We chat to Paolo and Alessandro Garbisi

It probably wasn’t what Paolo and Alessandro Garbisi had pictured when they fantasised about playing together for Italy back in their shared childhood bedroom in Martellago, just north of Venice.

During all those long nights spent on the training pitch at the Mogliano rugby club, they would have perhaps imagined a grander backdrop for their dreams coming to fruition than the Stadionul Arcul de Triumf in Bucharest. And yet the recently renovated Romanian national stadium will always have a special place in the Garbisi family’s heart, it being the place where the brothers not only first donned the Azzurri jersey on the same pitch but the site of their first-ever outing as team-mates.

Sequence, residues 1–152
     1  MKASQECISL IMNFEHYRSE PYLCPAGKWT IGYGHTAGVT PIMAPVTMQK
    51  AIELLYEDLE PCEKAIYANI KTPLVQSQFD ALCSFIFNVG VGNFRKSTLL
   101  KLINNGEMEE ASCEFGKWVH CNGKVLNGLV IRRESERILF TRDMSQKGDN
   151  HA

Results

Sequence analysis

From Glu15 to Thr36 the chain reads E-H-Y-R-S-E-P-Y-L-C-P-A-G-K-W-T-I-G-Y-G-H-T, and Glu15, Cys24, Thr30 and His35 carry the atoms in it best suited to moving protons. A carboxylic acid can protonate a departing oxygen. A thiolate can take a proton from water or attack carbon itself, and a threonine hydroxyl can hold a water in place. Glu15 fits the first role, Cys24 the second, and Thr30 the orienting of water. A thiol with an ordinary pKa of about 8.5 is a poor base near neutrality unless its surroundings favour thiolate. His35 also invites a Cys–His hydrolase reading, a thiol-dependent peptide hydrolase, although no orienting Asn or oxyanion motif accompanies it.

Italy’s 45-13 win over the Mighty Oaks on 1 July last year brought 20-year-old scrum-half Alessandro’s first cap and first try. And Paolo Garbisi, 22, came off the bench late on to make his 20th Test appearance in the inside-centre role where he’s often played this season for his club Montpellier, whom he steered to the 2022 Top 14 title in his first campaign since moving from Benetton.

“With me being two years older, I’ve always done things that little bit earlier than Ale, so we’d never played in the same team before that day in Bucharest,” Paolo explains.

Exclusive: Meet the Garbisi brothers

Paolo Garbisi takes on Wales (Getty Images)

“I was super happy that day, first of all because it was Ale’s debut. I was happy that he had managed to reach that objective, because I had seen how hard he had worked for many years to get there.

“We didn’t really manage to play properly together because I came on at 12. We were on the pitch together for a few minutes, so we don’t know yet if we will have a special bond in the way we play because we haven’t actually really done it yet. In fact, you need to speak to Kieran Crowley (the Italy head coach) and tell him to play us at nine and ten in the Six Nations!”